The second argument I hear is that this bill will destroy patients freedom of choice in who their physician will be, and what course of treatment they will receive. To this I emphatically say bullshit! Nowhere in the bill (and I have not read it word-for-word, but have skimmed most of it) have I even picked up on the slightest suggestion of the federal government impairing the ability of the average person to elect a physician or treatment plan of choice. To the uninsured, the federal government is providing a source of funding to receive healthcare. And if one physician refuses to see patients on Medicaid/Medicare, then there will be another physician who will. Furthermore, for the privately insured there will be little in the way of changes. Perhaps the only tangible change for patients will come in the form of a safety net in case your insurer decides a pre-existing condition should alleviate them from having to pay for a bill – a stipulation that should actually increase choice.
Finally, out of justifiable self-interest I frequently hear physicians bemoan the inevitable decline in pay that will come with the passage of healthcare reform bill. This subject becomes tricky due to the inherent conflict of interest, and the concern is understandable. Unlike other nations that have nationalized health care, physicians in the US take on huge amounts of debt that typically requires years, if not decades to pay down. Therefore, doctors in the US ought to be paid more because they inherit an increased risk to undergo a long and arduous education. Having declared these beliefs, I cannot agree with the alarmists who claim that drastic decreases in physician pay are on the horizon. Just like Medicare reimbursement, Medicaid will payments will remain slightly less than private insurers. But is it not better to at least be paid for rendering services rather than be relied upon to care for people without any promise of compromise. Furthermore, while this bill may slightly reduce what specialists are to be paid, it increases the likelihood of primary care physicians receiving appropriate compensation. And in light of the quickly approaching shortage of primary care physicians, shouldn’t we be grateful for this necessary increase? Certainly I understand the argument put forth by the neurosurgeon who spends 10 hours in an operating room performing a highly complicated procedure that saves someone’s life – that given the complexity, duration, and risk in such a procedure, increased compensation is deserved – but it is innate to the modern practice of medicine that proper care be given to patients prior to needing emergency brain surgery. Herein lies one of the many reasons why health care prices have been spiraling out of control.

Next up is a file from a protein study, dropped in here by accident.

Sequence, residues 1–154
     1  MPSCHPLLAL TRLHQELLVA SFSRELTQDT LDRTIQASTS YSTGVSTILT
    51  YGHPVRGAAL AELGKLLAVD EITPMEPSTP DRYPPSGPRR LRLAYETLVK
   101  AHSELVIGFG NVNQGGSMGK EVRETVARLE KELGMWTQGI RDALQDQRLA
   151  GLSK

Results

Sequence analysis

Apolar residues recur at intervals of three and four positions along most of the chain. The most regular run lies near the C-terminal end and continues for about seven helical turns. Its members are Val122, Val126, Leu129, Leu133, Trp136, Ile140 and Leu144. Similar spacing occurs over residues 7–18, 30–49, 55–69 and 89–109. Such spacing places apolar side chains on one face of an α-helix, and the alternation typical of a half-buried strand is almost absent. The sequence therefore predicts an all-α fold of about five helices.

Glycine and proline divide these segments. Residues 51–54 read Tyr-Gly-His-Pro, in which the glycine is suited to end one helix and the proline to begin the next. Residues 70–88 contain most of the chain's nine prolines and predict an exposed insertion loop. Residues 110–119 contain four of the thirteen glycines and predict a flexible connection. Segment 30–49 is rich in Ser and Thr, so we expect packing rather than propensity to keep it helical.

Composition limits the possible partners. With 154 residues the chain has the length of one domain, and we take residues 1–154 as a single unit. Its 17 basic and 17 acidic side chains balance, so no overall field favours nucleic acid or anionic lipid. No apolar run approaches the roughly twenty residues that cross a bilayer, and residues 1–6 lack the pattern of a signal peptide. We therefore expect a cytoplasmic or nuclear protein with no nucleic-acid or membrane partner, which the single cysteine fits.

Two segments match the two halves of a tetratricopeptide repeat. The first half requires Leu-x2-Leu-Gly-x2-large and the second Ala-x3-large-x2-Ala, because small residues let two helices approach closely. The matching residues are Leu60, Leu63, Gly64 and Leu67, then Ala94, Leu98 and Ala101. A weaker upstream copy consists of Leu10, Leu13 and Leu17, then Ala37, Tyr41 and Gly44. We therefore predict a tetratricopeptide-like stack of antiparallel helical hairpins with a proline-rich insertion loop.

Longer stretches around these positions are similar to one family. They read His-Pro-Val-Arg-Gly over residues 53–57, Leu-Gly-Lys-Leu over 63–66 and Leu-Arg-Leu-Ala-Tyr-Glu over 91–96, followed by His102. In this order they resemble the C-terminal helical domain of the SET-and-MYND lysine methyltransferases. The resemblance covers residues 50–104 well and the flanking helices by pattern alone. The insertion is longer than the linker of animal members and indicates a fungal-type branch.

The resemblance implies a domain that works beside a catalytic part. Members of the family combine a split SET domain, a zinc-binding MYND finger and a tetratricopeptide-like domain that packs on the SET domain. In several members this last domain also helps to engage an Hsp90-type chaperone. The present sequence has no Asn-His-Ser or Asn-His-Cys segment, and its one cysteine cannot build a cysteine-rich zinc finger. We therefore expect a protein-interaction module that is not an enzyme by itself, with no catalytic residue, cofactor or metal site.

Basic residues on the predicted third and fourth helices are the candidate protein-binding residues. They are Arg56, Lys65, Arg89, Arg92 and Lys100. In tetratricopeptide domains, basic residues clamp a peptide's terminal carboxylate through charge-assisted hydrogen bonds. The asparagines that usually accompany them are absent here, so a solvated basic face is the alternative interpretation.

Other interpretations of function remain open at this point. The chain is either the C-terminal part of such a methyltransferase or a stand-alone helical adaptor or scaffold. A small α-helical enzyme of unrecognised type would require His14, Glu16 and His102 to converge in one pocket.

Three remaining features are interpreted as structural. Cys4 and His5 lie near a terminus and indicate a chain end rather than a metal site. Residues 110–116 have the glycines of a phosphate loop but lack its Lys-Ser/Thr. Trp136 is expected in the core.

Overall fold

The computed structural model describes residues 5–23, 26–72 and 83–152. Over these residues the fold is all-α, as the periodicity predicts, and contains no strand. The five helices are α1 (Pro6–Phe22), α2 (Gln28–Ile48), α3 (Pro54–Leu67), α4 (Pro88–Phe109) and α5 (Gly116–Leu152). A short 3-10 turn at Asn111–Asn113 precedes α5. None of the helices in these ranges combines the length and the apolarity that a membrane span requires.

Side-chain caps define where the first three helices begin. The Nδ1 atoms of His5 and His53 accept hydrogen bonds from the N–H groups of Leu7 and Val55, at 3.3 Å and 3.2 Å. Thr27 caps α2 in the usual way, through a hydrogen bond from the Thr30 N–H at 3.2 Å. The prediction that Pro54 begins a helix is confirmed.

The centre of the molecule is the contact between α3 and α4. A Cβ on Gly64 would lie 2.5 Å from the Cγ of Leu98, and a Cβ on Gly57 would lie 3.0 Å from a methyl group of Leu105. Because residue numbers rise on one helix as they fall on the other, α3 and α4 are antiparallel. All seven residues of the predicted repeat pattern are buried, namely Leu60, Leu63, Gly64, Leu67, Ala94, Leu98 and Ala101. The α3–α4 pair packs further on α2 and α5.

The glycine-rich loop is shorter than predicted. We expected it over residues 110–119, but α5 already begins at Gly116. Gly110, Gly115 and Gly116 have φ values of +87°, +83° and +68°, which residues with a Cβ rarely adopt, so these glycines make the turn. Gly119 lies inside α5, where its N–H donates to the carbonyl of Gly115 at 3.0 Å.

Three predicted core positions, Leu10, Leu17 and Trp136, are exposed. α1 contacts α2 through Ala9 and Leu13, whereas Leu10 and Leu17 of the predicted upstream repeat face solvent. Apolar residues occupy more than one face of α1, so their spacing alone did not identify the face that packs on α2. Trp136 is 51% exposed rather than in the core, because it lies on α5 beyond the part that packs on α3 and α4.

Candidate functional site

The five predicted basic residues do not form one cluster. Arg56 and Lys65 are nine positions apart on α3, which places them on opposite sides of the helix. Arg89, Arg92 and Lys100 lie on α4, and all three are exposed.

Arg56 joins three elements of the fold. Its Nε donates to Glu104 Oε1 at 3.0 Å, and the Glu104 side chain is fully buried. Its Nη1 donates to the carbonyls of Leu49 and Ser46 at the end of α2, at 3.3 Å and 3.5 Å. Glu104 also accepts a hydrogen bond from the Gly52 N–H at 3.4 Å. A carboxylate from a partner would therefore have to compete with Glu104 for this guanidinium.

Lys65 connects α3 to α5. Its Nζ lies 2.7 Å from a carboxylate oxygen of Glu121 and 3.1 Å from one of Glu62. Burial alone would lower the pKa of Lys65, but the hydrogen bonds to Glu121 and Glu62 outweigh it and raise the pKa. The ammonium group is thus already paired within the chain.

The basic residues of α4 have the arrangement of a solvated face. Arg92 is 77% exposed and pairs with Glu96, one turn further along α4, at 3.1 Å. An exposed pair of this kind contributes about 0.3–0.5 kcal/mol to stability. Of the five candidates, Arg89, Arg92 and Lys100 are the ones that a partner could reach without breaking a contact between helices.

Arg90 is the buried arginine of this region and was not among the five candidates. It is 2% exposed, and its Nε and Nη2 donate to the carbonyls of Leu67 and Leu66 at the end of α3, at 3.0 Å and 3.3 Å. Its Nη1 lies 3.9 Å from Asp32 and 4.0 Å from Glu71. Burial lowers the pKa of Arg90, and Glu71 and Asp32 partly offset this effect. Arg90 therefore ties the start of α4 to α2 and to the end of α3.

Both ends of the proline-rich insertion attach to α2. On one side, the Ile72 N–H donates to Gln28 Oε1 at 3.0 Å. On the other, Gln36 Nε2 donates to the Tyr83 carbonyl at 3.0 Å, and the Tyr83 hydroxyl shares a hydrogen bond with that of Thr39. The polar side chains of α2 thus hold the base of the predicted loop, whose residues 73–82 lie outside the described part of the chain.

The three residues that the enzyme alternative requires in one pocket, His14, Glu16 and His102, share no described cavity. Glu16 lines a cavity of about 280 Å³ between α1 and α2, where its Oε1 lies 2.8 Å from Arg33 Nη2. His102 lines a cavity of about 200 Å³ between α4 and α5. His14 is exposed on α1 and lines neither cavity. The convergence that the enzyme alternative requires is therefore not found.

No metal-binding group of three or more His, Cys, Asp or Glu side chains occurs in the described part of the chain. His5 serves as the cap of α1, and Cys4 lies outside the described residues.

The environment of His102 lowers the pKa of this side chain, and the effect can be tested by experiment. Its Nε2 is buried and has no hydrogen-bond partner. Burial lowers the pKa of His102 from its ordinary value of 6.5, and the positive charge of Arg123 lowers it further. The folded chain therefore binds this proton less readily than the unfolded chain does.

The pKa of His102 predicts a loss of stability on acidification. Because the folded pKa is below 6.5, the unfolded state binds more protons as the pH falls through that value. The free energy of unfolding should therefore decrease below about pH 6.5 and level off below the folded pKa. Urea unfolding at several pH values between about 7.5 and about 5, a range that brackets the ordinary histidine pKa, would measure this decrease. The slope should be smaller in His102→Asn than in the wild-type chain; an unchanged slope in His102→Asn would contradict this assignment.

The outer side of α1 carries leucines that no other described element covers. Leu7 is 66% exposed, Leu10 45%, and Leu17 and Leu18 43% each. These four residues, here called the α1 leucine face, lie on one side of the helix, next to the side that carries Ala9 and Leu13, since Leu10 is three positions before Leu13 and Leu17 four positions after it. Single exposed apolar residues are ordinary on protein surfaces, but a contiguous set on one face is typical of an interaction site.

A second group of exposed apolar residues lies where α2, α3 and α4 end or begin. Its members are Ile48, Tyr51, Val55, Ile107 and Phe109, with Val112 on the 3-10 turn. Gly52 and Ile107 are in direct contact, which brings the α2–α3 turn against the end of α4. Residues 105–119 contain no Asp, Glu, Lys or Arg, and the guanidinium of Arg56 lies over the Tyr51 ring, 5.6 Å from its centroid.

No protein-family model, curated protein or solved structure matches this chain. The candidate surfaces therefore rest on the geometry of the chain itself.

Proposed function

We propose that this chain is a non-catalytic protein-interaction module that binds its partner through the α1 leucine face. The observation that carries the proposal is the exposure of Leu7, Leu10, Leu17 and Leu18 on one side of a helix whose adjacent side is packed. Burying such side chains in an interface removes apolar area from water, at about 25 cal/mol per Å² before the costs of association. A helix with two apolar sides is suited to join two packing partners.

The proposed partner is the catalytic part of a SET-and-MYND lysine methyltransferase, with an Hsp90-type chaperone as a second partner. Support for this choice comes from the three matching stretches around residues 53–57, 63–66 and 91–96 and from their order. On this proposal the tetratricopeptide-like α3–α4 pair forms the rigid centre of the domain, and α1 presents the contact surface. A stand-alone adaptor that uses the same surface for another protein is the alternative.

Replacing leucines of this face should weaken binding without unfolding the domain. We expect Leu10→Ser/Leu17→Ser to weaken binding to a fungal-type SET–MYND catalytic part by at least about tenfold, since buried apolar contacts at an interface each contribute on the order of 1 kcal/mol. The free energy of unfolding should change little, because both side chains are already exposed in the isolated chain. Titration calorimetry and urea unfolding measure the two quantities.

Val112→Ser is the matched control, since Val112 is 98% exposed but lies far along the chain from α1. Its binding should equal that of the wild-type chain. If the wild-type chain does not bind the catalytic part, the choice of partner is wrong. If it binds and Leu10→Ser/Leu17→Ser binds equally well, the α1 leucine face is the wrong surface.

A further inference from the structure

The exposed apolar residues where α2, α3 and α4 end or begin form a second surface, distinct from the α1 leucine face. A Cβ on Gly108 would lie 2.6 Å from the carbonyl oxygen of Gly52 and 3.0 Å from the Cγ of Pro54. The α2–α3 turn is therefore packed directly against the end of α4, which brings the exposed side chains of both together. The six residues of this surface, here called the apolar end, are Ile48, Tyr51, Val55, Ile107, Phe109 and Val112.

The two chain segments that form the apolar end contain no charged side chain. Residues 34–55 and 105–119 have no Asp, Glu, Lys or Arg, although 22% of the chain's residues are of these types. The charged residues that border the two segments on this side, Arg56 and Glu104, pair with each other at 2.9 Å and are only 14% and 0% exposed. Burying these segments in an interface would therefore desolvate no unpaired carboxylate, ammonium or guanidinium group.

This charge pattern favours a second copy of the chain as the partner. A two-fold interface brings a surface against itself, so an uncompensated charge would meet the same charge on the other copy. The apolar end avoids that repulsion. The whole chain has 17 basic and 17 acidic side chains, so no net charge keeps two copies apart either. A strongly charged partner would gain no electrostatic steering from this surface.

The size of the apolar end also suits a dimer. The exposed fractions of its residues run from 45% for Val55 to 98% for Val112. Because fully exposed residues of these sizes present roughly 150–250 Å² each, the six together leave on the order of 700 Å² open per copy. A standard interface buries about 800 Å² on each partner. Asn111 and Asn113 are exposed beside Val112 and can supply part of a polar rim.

I am hopeful that the new health care legislation is simply a starting point from which we can build a more efficient and effective system. It is certainly not perfect, and like any new legislation, the flaws will become increasingly apparent with time. But to those who would argue that the status quo was good enough, I have two fundamental questions with which I will end: 1) does it do our economy any good to have 15-20% of our population unable to receive sufficient preventative care? and 2) seeing as predictions had our health care spending reaching near 30% of GDP by 2030, do you honestly believe that our nation’s economy could sustain such a lopsided investment?